March 28, 2016

MISSED IT BY THAT MUCH: What Happens to Journalists When No One Wants to Print Their Words Anymore?

Actually, the real issue is that much of the country doesn’t want to read their words anymore. You can only say for so long, as the late Ginny Carroll, of the then-Washington Post-owned Newsweek, did via the button she wore at the 1992 Republican Convention, “Yeah, I’m with the Media — Screw You,” for so long, before the rest of the country says “screw you” right back. From the birth of the Drudge Report in the mid-‘90s until 2007, old media fought a continuing rear guard effort against the rise of a demassified new media.

In 2008, the plan shifted somewhat, as old media went all-in to elect Barack Obama, and the mask was off — it was plain to the nation that we’re reading not objective journalists, but Democrat activists with bylines. The goal that year was to just drag BHO over the finish line, and then hope against hope for the same sorts of bailouts that the banks and automakers were then lining up for and receiving from the federal government.  Because, as Megan McArdle warned in 2009, by then, “the media death spiral” was in full swing:

I think we’re witnessing the end of the newspaper business, full stop, not the end of the newspaper business as we know it.  The economics just aren’t there.  At some point, industries enter a death spiral:  too few consumers raises their average costs, meaning they eventually have to pass price increases onto their customers.  That drives more customers away.  Rinse and repeat . . .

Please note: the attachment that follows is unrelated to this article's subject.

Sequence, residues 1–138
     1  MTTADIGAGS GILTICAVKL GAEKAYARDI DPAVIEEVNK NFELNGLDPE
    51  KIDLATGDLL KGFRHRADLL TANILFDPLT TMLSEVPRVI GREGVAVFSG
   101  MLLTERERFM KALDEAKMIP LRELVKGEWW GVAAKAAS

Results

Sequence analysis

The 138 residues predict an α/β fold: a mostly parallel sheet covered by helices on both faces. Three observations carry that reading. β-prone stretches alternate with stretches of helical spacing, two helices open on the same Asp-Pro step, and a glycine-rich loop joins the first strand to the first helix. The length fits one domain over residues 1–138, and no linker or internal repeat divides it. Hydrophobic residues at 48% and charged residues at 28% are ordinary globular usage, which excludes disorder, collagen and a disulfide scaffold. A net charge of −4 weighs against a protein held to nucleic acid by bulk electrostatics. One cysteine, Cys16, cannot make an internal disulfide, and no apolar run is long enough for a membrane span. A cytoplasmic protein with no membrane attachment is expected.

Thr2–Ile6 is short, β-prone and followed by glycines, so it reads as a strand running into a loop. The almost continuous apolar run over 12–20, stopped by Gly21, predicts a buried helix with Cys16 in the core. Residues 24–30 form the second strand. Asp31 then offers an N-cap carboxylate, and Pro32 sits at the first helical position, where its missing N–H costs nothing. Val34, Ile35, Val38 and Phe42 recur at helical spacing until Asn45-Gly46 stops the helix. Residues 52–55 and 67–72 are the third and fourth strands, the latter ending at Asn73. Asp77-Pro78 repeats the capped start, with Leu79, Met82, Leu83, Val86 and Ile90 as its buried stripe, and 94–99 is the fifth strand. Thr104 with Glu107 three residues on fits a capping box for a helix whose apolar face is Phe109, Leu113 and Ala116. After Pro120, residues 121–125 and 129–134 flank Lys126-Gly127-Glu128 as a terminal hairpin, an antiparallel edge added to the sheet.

For twenty years, newspapers have been trying to slow the process with increasingly desperate cost cutting, but almost all are at the end of that rope; they can’t cut their newsroom or production staff any further and still put out a newspaper.  There just aren’t enough customers who are willing to pay for their product what it costs to produce it.

In a follow-up McArdle added that the goal was just to keep the lights on a little while longer. “A bunch of my journalist friends and I have decided that our new toast is ‘to 2010’.  2009 has so far been pretty disappointing for almost everyone I know, not to mention the country for which we all have great affection.”

Ahh, but that’s just it: ever since the late sixties, when the staff at Time magazine seemed baffled by its core readers — the very readers its then-recently deceased conservative founder had cultivated for nearly half a century — I’ve seen very little from the MSM that leads me to believe that it has great affection for either this country, or the majority of the people who inhabit it.